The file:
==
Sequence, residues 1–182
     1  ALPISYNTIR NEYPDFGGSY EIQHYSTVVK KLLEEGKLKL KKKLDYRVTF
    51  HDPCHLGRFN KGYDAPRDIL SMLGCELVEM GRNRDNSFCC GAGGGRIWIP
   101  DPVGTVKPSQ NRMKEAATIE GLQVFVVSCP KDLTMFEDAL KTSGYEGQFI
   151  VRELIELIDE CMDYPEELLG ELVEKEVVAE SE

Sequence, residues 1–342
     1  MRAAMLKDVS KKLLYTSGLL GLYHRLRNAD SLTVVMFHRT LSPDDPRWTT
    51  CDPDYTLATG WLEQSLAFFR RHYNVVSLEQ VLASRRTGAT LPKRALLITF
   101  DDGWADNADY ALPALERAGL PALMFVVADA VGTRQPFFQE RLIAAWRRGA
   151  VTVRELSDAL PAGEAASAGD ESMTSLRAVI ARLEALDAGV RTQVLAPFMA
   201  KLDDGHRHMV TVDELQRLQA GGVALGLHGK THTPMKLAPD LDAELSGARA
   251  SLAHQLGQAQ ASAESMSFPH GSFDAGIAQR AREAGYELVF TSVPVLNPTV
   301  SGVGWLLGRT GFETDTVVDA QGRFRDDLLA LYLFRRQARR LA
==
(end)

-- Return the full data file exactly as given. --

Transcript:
Sequence, residues 1–182
     1  ALPISYNTIR NEYPDFGGSY EIQHYSTVVK KLLEEGKLKL KKKLDYRVTF
    51  HDPCHLGRFN KGYDAPRDIL SMLGCELVEM GRNRDNSFCC GAGGGRIWIP
   101  DPVGTVKPSQ NRMKEAATIE GLQVFVVSCP KDLTMFEDAL KTSGYEGQFI
   151  VRELIELIDE CMDYPEELLG ELVEKEVVAE SE

Sequence, residues 1–342
     1  MRAAMLKDVS KKLLYTSGLL GLYHRLRNAD SLTVVMFHRT LSPDDPRWTT
    51  CDPDYTLATG WLEQSLAFFR RHYNVVSLEQ VLASRRTGAT LPKRALLITF
   101  DDGWADNADY ALPALERAGL PALMFVVADA VGTRQPFFQE RLIAAWRRGA
   151  VTVRELSDAL PAGEAASAGD ESMTSLRAVI ARLEALDAGV RTQVLAPFMA
   201  KLDDGHRHMV TVDELQRLQA GGVALGLHGK THTPMKLAPD LDAELSGARA
   251  SLAHQLGQAQ ASAESMSFPH GSFDAGIAQR AREAGYELVF TSVPVLNPTV
   301  SGVGWLLGRT GFETDTVVDA QGRFRDDLLA LYLFRRQARR LA